Love it (but I always dig your points of view). Especially #3 and #5. When it comes to #5, though, culture plays such a critical role. I see soooo many companies struggling with social media not because they lack the tools, but because they lack the proper *intent* in the first place. It's just a square peg in a new, shiny round hole.
Do you see a role for agencies in helping affect culture shift? Outside their scope? Or does that objective, advisory capacity help? I'm convinced that the businesses that struggle most have the most problems talking to each other and working together inside their own walls. Would love to hear your take.
(Oh, and thanks for the mention.)
Director of Community, Radian6
.-= Amber Naslundu00c2u00b4s last blog ..March of Dimesu00c2u00ae Selects Radian6 for Social Media Monitoring =-.
Good Q's and they give me yet another idea for a post. I do think that agencies have to play a role in the culture shift, not by talking, but by proving. We have done a few things: for ourselves, I created the Trash Talk from the Twitter Section SuperBowl event, using Twitter's API to build a site that aggregated everyone's comments about SuperBowl ads. This got half my company onto Twitter, along with some clients and peers in the industry. Did it again for the Academy Awards and when we moved to Boston. So, point is create opps that allow people to experiment. Ideally they will see the value and join the conversation, so to speak. For another client, that might not want me naming them, we set up listening stations, showed them all the content and conversation online and let them see that it's not so bad or scary and that there were opps for them to get in on the conversation. Then we set them up, gathered some rogue accounts and put everything together, even leading the way in tweeting and generating content. But, and it's a big but, the real opportunity is for companies to mobilize their employees. That's a combination of finding out whose interested, training them a bit, allowing them some freedom within guidelines, and letting them go. Look at Zappos or even how Office Max supposedly used employees to launch Elf Yourself via email. As you said, this is all new. I don't have 10 cases studies around employee mobilization, but I hope to. More importantly perhaps if others like you read this and think about it you'll come up with your own ideas for how to do it, foster it, and encourage clients. Less business for me, but that's the way it goes. Thanks.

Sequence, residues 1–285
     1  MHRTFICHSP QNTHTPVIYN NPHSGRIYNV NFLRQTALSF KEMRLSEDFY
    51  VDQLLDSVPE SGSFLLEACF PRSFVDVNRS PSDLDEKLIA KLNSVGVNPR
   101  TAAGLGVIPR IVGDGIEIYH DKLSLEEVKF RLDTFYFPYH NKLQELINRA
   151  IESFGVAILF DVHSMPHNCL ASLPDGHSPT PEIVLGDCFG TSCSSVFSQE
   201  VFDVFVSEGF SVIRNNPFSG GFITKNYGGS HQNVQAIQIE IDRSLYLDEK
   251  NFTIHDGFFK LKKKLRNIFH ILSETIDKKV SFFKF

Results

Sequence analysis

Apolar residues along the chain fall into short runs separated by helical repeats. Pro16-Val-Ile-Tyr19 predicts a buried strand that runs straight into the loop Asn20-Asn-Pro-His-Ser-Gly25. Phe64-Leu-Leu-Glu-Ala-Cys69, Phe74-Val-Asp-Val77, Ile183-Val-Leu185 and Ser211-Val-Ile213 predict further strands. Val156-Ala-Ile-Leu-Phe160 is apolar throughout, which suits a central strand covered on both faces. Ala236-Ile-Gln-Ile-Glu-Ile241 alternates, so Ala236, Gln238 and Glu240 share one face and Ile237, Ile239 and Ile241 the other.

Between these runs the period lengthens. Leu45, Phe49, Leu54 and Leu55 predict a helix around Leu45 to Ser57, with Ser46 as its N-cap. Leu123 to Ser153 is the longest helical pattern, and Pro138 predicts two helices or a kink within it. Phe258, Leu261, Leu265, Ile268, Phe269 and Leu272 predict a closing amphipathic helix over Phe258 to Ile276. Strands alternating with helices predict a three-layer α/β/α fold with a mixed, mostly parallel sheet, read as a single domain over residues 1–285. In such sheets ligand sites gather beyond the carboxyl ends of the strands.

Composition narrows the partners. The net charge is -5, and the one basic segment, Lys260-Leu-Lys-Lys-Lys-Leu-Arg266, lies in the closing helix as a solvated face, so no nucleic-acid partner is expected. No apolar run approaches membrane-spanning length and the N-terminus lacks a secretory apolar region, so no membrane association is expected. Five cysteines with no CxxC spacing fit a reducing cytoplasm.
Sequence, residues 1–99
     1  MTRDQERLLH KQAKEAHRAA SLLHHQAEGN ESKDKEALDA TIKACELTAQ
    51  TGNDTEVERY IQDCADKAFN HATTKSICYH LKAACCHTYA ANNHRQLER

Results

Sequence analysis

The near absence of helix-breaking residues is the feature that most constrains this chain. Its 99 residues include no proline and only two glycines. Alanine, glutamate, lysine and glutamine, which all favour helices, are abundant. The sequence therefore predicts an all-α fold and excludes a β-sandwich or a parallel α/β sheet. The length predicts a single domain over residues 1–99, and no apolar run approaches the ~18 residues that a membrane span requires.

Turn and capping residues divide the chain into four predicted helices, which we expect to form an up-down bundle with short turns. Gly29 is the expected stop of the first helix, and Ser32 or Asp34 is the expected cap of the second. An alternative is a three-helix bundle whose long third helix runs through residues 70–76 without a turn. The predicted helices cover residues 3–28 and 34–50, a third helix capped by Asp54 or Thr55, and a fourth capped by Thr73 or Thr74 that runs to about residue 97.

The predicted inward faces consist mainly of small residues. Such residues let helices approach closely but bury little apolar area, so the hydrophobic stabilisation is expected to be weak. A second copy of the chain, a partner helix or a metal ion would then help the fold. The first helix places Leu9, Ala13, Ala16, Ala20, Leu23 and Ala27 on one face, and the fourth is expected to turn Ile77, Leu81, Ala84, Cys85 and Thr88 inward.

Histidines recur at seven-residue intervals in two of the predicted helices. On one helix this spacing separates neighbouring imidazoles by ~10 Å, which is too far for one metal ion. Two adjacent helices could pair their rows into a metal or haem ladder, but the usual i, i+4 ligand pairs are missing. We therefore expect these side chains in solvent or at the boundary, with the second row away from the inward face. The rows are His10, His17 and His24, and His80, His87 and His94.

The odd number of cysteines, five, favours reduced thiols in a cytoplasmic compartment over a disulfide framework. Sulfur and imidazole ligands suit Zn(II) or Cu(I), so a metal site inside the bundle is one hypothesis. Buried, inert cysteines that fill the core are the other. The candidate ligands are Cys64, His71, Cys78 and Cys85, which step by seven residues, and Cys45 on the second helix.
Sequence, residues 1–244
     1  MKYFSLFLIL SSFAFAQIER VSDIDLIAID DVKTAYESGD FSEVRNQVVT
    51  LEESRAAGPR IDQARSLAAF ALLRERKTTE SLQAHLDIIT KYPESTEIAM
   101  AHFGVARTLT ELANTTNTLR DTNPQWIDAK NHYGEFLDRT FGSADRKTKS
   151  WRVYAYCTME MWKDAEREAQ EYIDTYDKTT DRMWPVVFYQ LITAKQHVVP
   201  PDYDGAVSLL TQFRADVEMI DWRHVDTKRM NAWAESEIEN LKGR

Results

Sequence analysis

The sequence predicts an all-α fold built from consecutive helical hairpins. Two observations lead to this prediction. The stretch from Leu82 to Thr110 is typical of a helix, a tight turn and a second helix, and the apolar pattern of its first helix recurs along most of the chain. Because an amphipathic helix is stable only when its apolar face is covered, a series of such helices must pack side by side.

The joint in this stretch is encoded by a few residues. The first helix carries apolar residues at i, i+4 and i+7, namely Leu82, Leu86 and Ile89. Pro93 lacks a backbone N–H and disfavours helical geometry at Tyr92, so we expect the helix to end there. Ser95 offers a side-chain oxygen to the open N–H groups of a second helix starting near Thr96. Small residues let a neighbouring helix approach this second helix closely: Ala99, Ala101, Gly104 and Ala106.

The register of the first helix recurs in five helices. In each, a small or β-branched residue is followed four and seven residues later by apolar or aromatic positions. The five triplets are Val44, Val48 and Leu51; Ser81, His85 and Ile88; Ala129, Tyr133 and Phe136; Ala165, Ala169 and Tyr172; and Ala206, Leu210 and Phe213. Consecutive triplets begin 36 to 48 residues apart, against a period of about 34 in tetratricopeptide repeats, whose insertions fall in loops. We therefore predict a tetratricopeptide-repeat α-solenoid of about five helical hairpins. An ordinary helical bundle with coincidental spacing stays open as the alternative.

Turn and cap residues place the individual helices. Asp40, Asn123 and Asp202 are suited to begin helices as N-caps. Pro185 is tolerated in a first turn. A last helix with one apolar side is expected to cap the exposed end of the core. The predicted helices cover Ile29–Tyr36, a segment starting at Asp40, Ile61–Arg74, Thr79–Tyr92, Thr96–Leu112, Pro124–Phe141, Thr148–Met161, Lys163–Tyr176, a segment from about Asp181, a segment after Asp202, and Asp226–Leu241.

Great topic. Ad Age cites your new client on this: u00e2u0080u009cMr. Hsieh... understands that social media isn't something you can simply bolt on; it's a way of doing business and something that has to be baked into the culture.u00e2u0080u009d
Tracking individual brand influence through firms like Radian6 is fabulous, but the key for agencies is media mix (and monetization). What is more valuable to a brand, reaching 12,000 active social media users, or reaching 12 million people through a 30-second TV spot?
Our industry is converging with PR, digital, direct response and traditional ad agencies all fighting for relevance in a similar space. As such, I think the issue is less about what it takes to be a social media agency, but rather, what does it take to be a relationship agency - and how does one effectively apply all elements of the marketing mix to accomplish this?
.-= Bob Rinderleu00c2u00b4s last blog ..The Creator Economy =-.
Smart way of looking at things. Challenge right now is that clients have needs and they have existing agencies and the two don't always align. So there's what an agency has to do to solve everything and what a client should demand in its social capabilities. Relationship agency is a good term. I was simply using the topical vernacular.
Thanks for joining the conversation.
Great list, I'd add "An Understanding of How Client Organizations Function In The Real World."